Japan Geoscience Union Meeting 2018

Presentation information

[JJ] Poster

B (Biogeosciences) » B-BG Biogeosciences & Geosphere-Biosphere Interactions

[B-BG02] Interrelation between Life, Water, Mineral, and Atmosphere

Mon. May 21, 2018 1:45 PM - 3:15 PM Poster Hall (International Exhibition Hall7, Makuhari Messe)

convener:Ken Takai(Extremobiosphere Research Center, Japan Agency for Marine-Earth Science & Technology), Kentaro Nakamura(Department of Systems Innovation, School of Engineering, University of Tokyo), Yuichiro Ueno(東京工業大学大学院地球惑星科学専攻, 共同), Yohey Suzuki(Graduate School of Science, The University of Tokyo)

[BBG02-P03] Role of extracellular polymeric substances on cyanobacterial calcification

*Takeru Omori1, Naotaka Tomioka2, Satoko Motai2, Yoshio Takahashi3, Fumito Shiraishi1 (1.Hiroshima University , 2.JAMSTEC, 3.The University of Tokyo)

Cyanobacteria is oxygenic phototroph known to calcify under optimum ambient water chemistry. Fossils of calcified cyanobacteria are widely spread especially during the Phanerozoic, and the fluctuation in their abundance is crucial for reconstructing paleo-ocean chemistry (e.g., pH). Two major mechanisms are suggested for cyanobacterial calcification: 1) the photosynthetic increase in CaCO3 saturation state, and 2) the crystal nucleation supply by acidic groups of extracellular polymeric substances (EPS). Previous study based on natural samples demonstrated that acidic EPS is crucial for controlling the degree and the style of calcification. Especially for the calcification style, however, the influence of EPS on crystal morphology, crystal arrangement, and precursor (amorphous calcium carbonate: ACC) formation are still not well understood. The present study, therefore, examined the relationship between physical/chemical characteristics of EPS and calcification styles by using cultivated cyanobacteria.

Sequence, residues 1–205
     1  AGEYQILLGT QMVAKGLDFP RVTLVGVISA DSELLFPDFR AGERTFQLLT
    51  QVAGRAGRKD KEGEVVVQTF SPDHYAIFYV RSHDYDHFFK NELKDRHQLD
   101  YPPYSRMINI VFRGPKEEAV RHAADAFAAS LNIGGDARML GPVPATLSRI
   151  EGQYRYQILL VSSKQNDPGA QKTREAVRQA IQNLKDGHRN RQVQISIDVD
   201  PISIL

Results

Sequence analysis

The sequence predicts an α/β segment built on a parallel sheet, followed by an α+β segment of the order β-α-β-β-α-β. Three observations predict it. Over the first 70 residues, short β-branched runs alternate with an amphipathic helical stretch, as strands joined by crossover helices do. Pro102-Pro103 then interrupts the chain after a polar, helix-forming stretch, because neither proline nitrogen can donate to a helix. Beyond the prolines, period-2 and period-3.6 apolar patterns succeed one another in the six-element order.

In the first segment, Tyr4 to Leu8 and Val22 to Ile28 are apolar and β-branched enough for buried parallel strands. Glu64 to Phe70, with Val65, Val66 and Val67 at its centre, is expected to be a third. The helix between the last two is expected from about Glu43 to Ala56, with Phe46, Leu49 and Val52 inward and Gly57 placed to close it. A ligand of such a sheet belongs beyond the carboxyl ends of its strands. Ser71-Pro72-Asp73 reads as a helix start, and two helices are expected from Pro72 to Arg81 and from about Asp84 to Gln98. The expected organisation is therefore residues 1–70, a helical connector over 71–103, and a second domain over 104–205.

cyanobacteria having different EPS characteristics (Spirulina, Leptolyngbya, Phormidium and Scytonema) were cultivated, and the quantity and quality of acidic groups in their EPS were assessed by acid-base titrations and lectin binding analysis. These cyanobacterial cultures were incubated in an aquarium (pH = about 8.5, [Ca2+] = 2 mM, DIC = 2 mM) with light supply to cause calcification. Microelectrode measurements (pH, O2, and Ca2+) showed that all cyanobacterial cultures induced CaCO3 precipitation by photosynthesis, although the degree of precipitation was different. However, the degree of calcification and the morphology of resulting CaCO3 crystals were significantly different: Spirulina lacking EPS was not calcified and crystals (about 1 mm diameter) were slightly scattered around, Leptolyngbya secreting non-acidic EPS was not calcified and rhombic crystals (about 10 mm diameter) scattered around, Phormidium secreting partially acidic EPS was externally calcified by cubic crystals (about 20 mm diameter), and Scytonema secreting acidic EPS was externally calcified by rhombic crystals (about 20 mm diameter). These results demonstrated that EPS has strong impact on cyanobacterial calcification. For Scytonema, an ultra-thin section was prepared by focused Ion beam processing and observed by transmission electron microscopy (TEM) and scanning transmission X-ray microscopy (STXM). Observations indicated that the mineral precipitated upon the EPS of Scytonema was mostly monocrystalline calcite, while features of ACC were recognized at the vicinity of EPS (about 100-200 nm thick). Spotty concentration of carboxylic groups at the outer margin of EPS suggests that such acidic regions would be the starting points of ACC precursor, which would subsequently form calcite nucleation.